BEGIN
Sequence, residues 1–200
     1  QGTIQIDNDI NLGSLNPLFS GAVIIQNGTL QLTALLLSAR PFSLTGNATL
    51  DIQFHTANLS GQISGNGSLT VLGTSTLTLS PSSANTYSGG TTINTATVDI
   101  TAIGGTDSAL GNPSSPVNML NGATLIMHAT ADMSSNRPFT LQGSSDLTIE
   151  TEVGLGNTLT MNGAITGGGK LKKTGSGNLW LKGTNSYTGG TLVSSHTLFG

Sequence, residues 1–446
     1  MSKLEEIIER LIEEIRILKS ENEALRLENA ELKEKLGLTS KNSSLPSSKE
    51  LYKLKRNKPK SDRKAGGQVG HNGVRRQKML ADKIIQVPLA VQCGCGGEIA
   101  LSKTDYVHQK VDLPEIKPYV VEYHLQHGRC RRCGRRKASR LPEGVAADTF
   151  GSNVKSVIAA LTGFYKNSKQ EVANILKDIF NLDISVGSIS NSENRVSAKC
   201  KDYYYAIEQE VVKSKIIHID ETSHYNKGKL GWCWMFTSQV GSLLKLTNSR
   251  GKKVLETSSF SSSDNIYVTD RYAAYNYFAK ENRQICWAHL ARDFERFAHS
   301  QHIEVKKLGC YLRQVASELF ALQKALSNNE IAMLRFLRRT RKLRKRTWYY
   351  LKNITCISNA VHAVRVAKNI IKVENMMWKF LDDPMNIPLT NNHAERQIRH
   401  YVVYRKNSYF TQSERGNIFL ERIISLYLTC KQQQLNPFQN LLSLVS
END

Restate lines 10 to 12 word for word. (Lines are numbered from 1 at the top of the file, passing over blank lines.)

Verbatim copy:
   151  GSNVKSVIAA LTGFYKNSKQ EVANILKDIF NLDISVGSIS NSENRVSAKC
   201  KDYYYAIEQE VVKSKIIHID ETSHYNKGKL GWCWMFTSQV GSLLKLTNSR
   251  GKKVLETSSF SSSDNIYVTD RYAAYNYFAK ENRQICWAHL ARDFERFAHS